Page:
Shortly afterwards he approached me asking to help him make a paper Nintendo DS. Pretty soon he was designing and making (with some help from me) five different kinds of remote control, a paper Nintendo 64 (complete with a slot for paper game cartridges), and working on the design of a paper Wii. I should point out that we own a Wii, a Nintendo Game Cube, and a Nintendo DSi and yet he was so excited about making paper ones. He played with them in bed, in the car, and basically took them everywhere with him for days on end.
During these projects he would assist where he could. Being somewhat of a perfectionist he insisted that I draw the smaller buttons, but he did readily agree to help me with drawing the larger elements. He also helped by cutting the paper, and thus for the first time in his little life he picked up a pair of scissors and cut a series of impressively straight lines. Yes, that’s right, his disinterest in drawing extended to using scissors – when he was younger he downright refused, and the one time he tried to use them he couldn’t even figure out how to hold them, soon got frustrated, and gave up. Yet here he was, 6.5 years old, picking them up and using them quite capably without any fuss.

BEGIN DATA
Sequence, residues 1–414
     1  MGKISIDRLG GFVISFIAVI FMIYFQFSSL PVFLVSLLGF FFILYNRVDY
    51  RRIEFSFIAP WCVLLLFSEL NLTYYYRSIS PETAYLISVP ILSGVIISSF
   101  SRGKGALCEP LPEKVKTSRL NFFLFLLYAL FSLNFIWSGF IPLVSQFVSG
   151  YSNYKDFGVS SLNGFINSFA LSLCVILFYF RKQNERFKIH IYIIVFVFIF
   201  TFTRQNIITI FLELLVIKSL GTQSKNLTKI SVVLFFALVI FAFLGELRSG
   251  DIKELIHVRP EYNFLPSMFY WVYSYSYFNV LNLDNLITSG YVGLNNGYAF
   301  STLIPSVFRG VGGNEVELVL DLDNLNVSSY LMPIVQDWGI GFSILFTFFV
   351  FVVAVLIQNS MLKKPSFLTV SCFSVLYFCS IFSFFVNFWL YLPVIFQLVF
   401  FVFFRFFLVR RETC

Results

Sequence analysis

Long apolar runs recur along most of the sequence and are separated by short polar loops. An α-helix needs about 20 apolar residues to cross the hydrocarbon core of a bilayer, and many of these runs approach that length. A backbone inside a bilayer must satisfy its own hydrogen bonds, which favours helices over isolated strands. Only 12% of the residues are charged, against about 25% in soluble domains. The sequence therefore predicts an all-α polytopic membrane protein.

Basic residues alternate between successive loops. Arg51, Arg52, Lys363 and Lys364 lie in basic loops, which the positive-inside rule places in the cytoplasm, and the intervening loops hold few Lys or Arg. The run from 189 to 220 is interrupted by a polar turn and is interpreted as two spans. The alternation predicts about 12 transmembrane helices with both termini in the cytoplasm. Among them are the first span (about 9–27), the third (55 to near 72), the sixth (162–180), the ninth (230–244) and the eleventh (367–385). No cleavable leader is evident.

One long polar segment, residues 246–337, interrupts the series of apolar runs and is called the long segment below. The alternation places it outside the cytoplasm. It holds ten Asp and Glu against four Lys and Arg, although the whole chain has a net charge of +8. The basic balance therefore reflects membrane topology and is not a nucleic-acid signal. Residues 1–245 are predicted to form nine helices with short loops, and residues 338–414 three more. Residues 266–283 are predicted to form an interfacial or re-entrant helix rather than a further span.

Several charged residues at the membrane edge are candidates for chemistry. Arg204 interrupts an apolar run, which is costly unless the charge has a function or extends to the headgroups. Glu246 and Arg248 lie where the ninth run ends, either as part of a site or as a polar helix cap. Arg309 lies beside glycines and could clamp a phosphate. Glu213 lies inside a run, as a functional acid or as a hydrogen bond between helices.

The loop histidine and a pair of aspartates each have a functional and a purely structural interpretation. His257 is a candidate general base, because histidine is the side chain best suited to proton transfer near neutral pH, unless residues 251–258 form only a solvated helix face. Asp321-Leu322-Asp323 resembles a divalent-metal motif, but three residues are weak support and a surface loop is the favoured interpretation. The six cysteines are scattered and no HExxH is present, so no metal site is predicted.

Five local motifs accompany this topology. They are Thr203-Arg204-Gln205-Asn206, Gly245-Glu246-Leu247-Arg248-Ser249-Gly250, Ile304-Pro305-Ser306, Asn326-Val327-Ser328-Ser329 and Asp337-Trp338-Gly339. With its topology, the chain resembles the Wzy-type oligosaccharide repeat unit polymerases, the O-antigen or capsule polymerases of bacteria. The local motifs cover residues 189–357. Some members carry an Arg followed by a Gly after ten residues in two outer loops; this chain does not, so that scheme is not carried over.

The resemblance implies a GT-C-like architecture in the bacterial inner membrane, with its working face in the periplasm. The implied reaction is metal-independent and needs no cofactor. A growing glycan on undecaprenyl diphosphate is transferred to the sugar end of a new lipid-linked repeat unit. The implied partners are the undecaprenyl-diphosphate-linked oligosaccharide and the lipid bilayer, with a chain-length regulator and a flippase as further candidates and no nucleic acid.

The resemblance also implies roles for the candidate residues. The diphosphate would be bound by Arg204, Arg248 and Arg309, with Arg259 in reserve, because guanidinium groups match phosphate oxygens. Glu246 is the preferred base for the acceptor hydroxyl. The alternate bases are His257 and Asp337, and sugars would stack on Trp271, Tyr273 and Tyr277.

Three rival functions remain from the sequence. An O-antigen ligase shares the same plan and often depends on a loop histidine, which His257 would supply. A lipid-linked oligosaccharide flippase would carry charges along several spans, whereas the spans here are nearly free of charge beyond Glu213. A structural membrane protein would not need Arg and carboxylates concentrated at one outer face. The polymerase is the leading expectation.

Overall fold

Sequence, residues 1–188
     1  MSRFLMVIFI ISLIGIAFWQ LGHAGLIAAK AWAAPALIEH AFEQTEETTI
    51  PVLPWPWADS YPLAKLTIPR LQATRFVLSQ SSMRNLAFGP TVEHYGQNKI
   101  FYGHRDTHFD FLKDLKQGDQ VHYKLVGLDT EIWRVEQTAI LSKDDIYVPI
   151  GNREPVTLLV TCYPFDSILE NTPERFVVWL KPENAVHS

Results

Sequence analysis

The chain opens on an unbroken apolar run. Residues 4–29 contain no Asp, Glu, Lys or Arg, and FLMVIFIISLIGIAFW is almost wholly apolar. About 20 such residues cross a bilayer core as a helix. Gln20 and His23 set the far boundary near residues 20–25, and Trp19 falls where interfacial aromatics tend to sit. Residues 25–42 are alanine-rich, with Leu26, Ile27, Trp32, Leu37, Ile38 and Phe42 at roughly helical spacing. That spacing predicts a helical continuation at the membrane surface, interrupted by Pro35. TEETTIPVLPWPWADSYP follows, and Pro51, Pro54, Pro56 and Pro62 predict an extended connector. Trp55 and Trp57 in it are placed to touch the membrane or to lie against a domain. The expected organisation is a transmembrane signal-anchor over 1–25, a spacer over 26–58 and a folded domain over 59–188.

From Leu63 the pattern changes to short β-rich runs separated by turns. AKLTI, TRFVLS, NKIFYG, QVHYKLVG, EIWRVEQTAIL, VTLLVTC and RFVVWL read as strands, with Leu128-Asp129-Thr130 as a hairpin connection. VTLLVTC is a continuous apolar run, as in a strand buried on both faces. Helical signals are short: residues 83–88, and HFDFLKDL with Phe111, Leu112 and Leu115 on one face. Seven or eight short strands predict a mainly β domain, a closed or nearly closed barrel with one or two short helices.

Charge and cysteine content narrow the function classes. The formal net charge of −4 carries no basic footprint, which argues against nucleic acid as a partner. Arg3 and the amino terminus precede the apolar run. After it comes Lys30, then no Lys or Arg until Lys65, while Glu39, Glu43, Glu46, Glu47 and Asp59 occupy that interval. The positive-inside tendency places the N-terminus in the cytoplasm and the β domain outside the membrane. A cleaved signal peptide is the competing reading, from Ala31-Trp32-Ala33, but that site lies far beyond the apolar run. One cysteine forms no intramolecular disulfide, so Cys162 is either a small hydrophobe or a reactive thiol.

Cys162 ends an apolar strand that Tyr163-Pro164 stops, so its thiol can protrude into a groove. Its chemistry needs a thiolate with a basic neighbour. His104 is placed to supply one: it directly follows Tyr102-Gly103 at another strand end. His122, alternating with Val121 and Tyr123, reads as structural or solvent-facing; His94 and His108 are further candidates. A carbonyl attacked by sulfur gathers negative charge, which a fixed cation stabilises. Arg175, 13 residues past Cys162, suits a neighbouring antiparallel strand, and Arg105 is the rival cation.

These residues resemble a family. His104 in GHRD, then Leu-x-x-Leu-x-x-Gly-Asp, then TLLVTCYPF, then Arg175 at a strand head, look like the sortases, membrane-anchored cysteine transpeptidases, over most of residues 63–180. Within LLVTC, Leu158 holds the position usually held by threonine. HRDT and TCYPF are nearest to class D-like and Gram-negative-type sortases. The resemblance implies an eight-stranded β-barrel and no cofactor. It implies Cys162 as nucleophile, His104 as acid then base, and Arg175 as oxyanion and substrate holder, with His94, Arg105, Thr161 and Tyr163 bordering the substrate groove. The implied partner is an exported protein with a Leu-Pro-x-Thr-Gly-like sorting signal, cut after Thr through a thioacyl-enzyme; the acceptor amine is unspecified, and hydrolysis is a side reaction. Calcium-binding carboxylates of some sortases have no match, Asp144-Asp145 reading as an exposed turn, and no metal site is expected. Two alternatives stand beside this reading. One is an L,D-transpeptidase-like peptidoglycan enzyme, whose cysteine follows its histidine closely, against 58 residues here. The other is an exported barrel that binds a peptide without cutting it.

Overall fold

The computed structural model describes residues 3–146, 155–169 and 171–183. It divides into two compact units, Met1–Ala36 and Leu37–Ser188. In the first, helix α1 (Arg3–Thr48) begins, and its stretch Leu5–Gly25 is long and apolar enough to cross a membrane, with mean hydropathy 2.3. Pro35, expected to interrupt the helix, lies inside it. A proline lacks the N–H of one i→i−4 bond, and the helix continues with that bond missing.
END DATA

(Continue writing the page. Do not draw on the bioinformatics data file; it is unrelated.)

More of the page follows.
Then this past week he added something new: he found an old dollar-store variety magna-doodle at the bottom of our toy bin, brought it out, and proceeded to make it into a game controller by drawing a four-way button (think of it as a thick cross) and a series of small circles. They weren’t perfect, but they were very recognizable as such. By the end of the day something new had developed: he decided to make the magna-doodle a video game screen and began to draw “screen shots”. One of the first series’ he designed was a game he called “Snoodle Doodle”, which appeared to be a hybrid of Run (an iPhone game) and Fireboy and Watergirl. Basically he draws a platform extending from the upper left hand corner upon which he places a number of stick figures (at first he had me draw them, but within 2 days he was drawing them himself). The rest of the doodle pad is filled with a series of lines that create obstacles the stick figures must navigate to get to the end goal.